Pakistan fencing Afghan border to curb infiltration

TEHRAN, Dec. 30 (MNA) – Pakistan and Afghanistan, the two estranged neighbors with a history of hostility and bad blood, have made concerted efforts in recent months to open a new chapter in their bilateral relations.

The new government in Pakistan has not only pledged its support to Afghan-led and Afghan-owned peace process, but it has also taken initiatives to remove the trust deficit between the two countries.

One of the sources of conflict between them is the porous 1,500-mile border. The two governments believe terrorists infiltrate through the porous border from both sides and launch attacks. It also allows drug smugglers to do their illicit trade.

The western border, Durand Line, has been the main bone of contention between the two countries as Afghanistan has refused to recognize its legality.

The armies of the two countries have often engaged in cross-border skirmishes, resulting in military and civilian casualties, and escalating political and diplomatic tensions.

Pakistan army, in a bid to seal the border and prevent the influx of terrorists and smugglers, has been constructing a fence along the border. The work was inaugurated by Pakistan’s army chief Qamar Bajwa in May this year.

The first phase of the mega project – 482 km long patch of the border in Khyber Pakhtunkhwa (K-P), has been completed, according to reports.

Pakistani authorities believe it will resolve the issue of terrorism and smuggling quite significantly, which will help in the betterment of ties with Afghanistan.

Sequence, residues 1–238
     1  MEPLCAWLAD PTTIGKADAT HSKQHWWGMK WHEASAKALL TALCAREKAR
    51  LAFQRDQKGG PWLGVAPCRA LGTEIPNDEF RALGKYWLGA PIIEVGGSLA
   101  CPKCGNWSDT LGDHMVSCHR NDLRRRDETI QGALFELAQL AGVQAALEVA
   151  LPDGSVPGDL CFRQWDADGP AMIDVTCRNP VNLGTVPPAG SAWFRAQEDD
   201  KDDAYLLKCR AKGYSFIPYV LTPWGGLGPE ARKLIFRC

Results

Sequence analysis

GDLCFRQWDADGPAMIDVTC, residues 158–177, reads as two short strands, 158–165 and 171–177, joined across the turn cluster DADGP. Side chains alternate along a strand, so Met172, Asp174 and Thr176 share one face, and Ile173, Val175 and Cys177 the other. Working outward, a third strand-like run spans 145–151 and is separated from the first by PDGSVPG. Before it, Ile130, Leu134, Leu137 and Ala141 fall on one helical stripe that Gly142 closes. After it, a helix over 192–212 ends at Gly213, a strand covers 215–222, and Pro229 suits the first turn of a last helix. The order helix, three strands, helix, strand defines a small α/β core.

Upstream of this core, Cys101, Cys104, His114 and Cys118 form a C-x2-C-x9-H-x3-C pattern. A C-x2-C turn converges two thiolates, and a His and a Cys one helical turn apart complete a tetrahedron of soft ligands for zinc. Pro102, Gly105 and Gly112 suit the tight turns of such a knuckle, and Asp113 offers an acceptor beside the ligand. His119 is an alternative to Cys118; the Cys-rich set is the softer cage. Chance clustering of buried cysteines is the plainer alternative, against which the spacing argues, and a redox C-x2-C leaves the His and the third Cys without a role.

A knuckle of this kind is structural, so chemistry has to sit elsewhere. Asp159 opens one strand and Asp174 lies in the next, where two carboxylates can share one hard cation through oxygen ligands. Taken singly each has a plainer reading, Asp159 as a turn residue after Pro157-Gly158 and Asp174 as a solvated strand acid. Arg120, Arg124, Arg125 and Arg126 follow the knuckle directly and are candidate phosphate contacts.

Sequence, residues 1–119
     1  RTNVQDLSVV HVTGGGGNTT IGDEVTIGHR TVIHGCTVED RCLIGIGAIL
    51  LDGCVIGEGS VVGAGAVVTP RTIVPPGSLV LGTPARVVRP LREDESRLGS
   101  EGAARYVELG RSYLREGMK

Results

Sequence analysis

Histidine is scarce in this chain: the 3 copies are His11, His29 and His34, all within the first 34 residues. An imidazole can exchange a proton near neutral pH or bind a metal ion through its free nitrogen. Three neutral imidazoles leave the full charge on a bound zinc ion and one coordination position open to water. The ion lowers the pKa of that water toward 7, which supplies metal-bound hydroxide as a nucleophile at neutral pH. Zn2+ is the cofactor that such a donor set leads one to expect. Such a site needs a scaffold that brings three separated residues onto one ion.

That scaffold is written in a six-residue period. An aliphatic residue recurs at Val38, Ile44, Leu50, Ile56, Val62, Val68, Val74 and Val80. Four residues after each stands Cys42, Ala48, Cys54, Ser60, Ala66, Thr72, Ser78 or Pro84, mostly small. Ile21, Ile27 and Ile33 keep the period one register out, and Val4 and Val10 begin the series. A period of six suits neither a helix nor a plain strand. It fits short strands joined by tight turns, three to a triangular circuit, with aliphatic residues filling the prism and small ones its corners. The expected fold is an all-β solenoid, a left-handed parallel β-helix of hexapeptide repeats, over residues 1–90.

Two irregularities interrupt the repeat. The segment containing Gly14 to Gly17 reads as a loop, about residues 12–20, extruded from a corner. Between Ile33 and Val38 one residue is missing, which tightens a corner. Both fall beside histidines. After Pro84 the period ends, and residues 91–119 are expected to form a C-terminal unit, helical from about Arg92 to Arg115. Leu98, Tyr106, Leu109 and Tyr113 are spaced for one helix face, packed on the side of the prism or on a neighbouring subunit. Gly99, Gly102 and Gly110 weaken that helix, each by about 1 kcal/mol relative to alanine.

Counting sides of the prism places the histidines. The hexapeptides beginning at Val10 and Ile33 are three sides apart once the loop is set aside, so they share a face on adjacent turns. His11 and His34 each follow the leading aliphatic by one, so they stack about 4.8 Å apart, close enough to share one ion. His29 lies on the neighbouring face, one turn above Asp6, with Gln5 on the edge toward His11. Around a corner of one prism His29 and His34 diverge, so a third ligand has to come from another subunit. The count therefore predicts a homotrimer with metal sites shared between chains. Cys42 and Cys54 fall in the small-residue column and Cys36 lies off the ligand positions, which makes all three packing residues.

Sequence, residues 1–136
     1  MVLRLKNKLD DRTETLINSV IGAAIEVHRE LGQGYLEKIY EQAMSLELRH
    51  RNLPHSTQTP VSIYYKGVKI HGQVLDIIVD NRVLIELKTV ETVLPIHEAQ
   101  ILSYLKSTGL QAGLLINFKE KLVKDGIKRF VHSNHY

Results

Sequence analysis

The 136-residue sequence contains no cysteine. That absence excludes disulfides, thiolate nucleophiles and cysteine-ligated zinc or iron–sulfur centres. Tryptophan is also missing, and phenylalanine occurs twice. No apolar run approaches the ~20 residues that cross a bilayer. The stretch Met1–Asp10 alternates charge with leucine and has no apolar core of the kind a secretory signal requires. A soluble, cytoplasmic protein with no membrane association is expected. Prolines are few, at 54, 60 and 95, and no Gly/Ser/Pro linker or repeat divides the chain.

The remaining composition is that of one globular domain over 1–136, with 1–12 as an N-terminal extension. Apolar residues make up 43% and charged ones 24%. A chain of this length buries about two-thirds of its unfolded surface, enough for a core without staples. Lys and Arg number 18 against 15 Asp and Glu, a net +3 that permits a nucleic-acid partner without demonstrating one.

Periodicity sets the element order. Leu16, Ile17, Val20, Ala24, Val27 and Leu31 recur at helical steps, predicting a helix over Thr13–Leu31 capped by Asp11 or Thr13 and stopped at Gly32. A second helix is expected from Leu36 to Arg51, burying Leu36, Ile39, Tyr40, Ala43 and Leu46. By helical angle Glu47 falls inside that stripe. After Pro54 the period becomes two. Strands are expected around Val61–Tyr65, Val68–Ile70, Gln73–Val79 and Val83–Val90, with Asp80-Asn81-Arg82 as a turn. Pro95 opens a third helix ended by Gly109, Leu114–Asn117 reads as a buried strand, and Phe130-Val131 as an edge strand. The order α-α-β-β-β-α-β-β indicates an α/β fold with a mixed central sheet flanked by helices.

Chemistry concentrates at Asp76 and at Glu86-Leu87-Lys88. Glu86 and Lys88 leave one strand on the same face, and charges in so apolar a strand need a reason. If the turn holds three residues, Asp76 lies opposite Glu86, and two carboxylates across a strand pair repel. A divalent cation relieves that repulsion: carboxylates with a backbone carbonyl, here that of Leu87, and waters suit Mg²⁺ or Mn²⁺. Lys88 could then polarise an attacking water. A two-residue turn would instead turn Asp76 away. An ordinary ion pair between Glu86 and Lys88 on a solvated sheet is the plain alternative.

From the Torkham border crossing, around 1,200 trucks and 10,000 people enter on a daily basis but now only those with proper documents would be allowed to enter the border, officials said.

Special entry cards have been given to 200 Afghan students who live in Afghanistan but study in Pakistan. People in need of medical care will be given permission to enter without documents.

The fencing work on the border will be completed by the end of 2019, according to Pakistan Army’s spokesperson, who hoped that it will benefit peace-loving people of the two countries while restricting the movement of terrorists.

The decision, however, has not gone down well with the Afghan government authorities. While Pakistan insists on building a barrier at the border crossing “to prevent terrorists’ entry into Pakistan”, Afghanistan does not recognize the colonial-era Durand Line drawn up in 1893.

Torkham connects eastern Nangarhar province of Afghanistan with Pakistan’s Khyber Pakhtunkhwa.

Border incursions and setting up of military bunkers by both Afghan and Pakistani troops along the border in eastern and southern provinces have always sparked political and diplomatic tensions between them.

Afghanistan has often accused Pakistan of interminably firing rockets into Afghan provinces bordering Pakistan, killing civilians and security forces and rendering people homeless. A large number of people in these border provinces – mainly Kunar, Nuristan, Paktika, and Nangarhar – have been forced to evacuate their homes and move to safer locations.

Former Afghan army chief Shir Mohammad Karimi once said these attacks are used as ‘pressure tactics’ by Pakistan to force Afghanistan into recognizing Durand Line as an international border.

But, Pakistan has maintained that it has both external and internal compulsions to secure the border from a security perspective. It has already announced to add as many as 60,000 troops to boost its patrol along the disputed border, to prevent the flow of terrorists and smugglers and illegal refugees.

The political and diplomatic ties between the two South Asian neighbors, once described by the former Afghan president Hamid Karzai as “inseparable brothers”, have worsened in recent years. During the previous government in Islamabad, the relations had touched an all-time low.

Following the political transition in Pakistan this year, the two governments vowed to bury the hatchet and improve bilateral ties. There have been many peace overtures in recent months, which have rekindled hopes of better ties between the unfriendly neighbors.

However, whether the construction of a fence on the border will again put a spanner in their relations is a matter of speculation right now. Both sides have so far refused to work out a compromise formula.


News Code 141026


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